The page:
The New York Times has a story on how the coronapanic shutdowns set American K-12 students back (which is the same as killing them, by COVID standards, since people with less education tend to live shorter lives and any shortening of a life can be considered a “COVID death”). Of course, the headline is about the “surprising rebound” (every action taken by a Covidcrat was actually beneficial when viewed in the proper light).
The article has a side note that the recovery in reading ability has been weaker and then proceeds to present charts only on math test scores, where the “rebound” has been stronger. Your kids’ rebound energy may vary, depending on family wealth (like life expectancy, correlated with education). The poor kids were destroyed:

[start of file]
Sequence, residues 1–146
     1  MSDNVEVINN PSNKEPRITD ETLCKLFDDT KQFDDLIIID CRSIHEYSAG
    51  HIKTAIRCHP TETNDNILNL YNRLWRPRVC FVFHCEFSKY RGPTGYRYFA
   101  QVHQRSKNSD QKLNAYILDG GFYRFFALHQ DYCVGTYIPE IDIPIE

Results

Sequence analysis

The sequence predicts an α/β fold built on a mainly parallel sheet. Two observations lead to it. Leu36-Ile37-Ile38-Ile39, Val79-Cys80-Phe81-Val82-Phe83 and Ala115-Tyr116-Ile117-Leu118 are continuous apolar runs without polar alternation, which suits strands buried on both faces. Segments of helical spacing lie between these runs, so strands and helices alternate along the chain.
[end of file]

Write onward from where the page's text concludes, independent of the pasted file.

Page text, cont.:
So the poor kids are now likely to have both intensified poverty and intensified ignorance as factors in shortening their lives (plus the Biden-era flood of migrants, who are correlated with unemployment and incarceration for the low-skilled native-born).
The NYT journalists and editors don’t mention what happened in the one state where school closure was limited by the governor to about 3 months: Florida. Digging into their cited data source, characterized as a “national study” and with analysis “led by researchers at Stanford and Harvard”, it appears that Florida was ignored by the academic worthies (maybe anti-Science DeSantis suppressed data?).
Sweden recently showed a decline in PISA scores, suggesting that keeping schools open is just as bad for kids as closing them.